Episode #149: Hope and Forgiveness (song starts at 8:44 & 28:28) As I recorded this episode, I was feeling so energised. The creative flow was happening. I’ve just been away camping for 2 weeks. Being out in nature really does it for me. 2 weeks was a complete reset. I take you to my campsite, sitting outside my tent as I talk about the Australian animals that we were surrounded by, the peace, the sound of the ocean. Then, in contrast, I take you on the train in the city, where people's faces had ‘barren fixed stares’ … because this is when I wrote the lyrics to 'Hope and Forgiveness'. I talk about the scenes and the people I was looking at as I was writing the lyrics & then we look at how the music came together. This podcast is about creativity, in general. But it’s also turning out to be a podcast about living positively & enjoying life. That’s what I do. I recorded piano solo album #5 the other night, (a version of 'Hope and Forgiveness' will be on it - just piano, no singing). I’m working on the sheet music too, so that will be available online later this year. I also talk about one of my seascape paintings that sold last week, and one I did on the spot while camping, while simultaneously whacking huge Australian horseflies that chose to chomp into my back and legs as I painted. Yep, you’ve got to be determined and focussed and passionate to be on the creative path - which I am It’s one of the reasons I enjoy recording these episodes each week, sitting in my studio with my piano and chatting about what springs to mind. It gets me into performance mode - and that’s a big part of song writing mode. There’s plenty on offer this week. Wallabies, tiger snakes, melody, humour… look out! This week's episode is a 2 for 1 deal: You’ll hear the audio from a YouTube video of me singing at the piano, (part of a Live From The Lounge online concert from during covid lockdowns:, At the end you’ll hear the album cut: track 2 from the album 'Walking Through A Dream' - streaming now. (Featuring Mr Paul Dredge on guitars, bass and vocal harmony. This was our 4th album). On Bandcamp you can see photos, lyrics, stream music and buy songs for yourself or send it as a gift… Here’s my blog too (lyrics to the song here, art, links to much more online - which I hope you’ll enjoy as much as listening to this episode. Here we go, 'Hope and Forgiveness'…rolling!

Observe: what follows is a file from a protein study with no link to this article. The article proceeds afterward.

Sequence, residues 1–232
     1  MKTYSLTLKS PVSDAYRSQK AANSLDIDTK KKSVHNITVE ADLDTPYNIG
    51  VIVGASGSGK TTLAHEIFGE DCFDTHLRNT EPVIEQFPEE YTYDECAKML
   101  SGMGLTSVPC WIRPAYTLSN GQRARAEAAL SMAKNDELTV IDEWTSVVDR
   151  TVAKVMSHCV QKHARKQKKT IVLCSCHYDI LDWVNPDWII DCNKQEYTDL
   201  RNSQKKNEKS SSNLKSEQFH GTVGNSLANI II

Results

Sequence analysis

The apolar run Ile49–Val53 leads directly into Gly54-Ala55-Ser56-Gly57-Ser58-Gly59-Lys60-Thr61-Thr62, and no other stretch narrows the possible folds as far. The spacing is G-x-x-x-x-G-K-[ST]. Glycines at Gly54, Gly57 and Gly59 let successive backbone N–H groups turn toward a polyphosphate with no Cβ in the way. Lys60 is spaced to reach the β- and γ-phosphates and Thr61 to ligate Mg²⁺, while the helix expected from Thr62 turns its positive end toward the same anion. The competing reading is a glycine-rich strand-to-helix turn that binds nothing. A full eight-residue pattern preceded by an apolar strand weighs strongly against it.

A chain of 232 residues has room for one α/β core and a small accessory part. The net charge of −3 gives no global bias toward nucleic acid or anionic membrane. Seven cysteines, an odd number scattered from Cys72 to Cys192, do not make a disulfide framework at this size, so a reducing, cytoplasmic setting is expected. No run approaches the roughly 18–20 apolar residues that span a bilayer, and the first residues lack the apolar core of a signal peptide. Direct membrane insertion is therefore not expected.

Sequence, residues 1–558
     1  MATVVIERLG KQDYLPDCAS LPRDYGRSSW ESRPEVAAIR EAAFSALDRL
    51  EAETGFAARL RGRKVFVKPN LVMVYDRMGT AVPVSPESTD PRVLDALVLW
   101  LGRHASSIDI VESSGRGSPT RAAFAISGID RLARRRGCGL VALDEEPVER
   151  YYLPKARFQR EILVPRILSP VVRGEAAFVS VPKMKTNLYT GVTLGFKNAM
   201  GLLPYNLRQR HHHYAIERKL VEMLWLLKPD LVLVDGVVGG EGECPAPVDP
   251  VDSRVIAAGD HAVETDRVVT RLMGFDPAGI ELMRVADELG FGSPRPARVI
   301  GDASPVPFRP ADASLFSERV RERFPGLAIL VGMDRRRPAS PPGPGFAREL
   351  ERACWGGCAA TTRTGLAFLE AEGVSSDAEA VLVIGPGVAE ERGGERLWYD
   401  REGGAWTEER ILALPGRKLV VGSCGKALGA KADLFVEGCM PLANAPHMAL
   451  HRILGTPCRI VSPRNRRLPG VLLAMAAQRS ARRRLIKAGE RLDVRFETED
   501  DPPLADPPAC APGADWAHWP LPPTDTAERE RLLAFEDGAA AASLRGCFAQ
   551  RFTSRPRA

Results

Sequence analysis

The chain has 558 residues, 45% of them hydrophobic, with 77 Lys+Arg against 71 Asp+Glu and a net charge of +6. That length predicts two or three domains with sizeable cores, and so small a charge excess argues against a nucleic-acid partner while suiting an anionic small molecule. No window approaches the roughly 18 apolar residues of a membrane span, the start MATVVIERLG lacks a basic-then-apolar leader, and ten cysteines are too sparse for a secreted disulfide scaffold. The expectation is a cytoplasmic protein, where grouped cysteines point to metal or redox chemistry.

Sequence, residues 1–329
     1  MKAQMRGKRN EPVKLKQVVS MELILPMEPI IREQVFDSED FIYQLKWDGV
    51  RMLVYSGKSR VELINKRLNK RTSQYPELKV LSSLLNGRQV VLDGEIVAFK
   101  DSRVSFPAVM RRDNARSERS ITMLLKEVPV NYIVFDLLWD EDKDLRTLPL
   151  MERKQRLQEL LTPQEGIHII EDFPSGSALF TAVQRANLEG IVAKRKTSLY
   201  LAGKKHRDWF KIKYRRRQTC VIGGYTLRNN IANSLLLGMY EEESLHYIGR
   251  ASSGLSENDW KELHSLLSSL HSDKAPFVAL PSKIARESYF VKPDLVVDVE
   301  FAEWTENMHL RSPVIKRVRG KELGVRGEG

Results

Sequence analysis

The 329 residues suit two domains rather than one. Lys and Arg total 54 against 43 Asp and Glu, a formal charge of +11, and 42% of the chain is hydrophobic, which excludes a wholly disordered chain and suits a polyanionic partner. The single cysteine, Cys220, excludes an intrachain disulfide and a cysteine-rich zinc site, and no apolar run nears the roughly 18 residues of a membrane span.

Man in The Mountain